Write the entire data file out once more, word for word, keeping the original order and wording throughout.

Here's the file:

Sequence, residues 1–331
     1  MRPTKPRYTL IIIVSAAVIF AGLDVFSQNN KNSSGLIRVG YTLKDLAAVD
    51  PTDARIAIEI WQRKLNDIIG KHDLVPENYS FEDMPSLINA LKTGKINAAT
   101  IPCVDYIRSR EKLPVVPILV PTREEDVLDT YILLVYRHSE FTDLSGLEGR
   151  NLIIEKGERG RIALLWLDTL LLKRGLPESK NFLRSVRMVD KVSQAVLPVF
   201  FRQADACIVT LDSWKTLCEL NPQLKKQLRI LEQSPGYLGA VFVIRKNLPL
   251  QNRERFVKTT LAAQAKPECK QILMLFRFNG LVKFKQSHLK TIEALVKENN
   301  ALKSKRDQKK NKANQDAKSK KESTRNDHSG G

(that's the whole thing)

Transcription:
Sequence, residues 1–331
     1  MRPTKPRYTL IIIVSAAVIF AGLDVFSQNN KNSSGLIRVG YTLKDLAAVD
    51  PTDARIAIEI WQRKLNDIIG KHDLVPENYS FEDMPSLINA LKTGKINAAT
   101  IPCVDYIRSR EKLPVVPILV PTREEDVLDT YILLVYRHSE FTDLSGLEGR
   151  NLIIEKGERG RIALLWLDTL LLKRGLPESK NFLRSVRMVD KVSQAVLPVF
   201  FRQADACIVT LDSWKTLCEL NPQLKKQLRI LEQSPGYLGA VFVIRKNLPL
   251  QNRERFVKTT LAAQAKPECK QILMLFRFNG LVKFKQSHLK TIEALVKENN
   301  ALKSKRDQKK NKANQDAKSK KESTRNDHSG G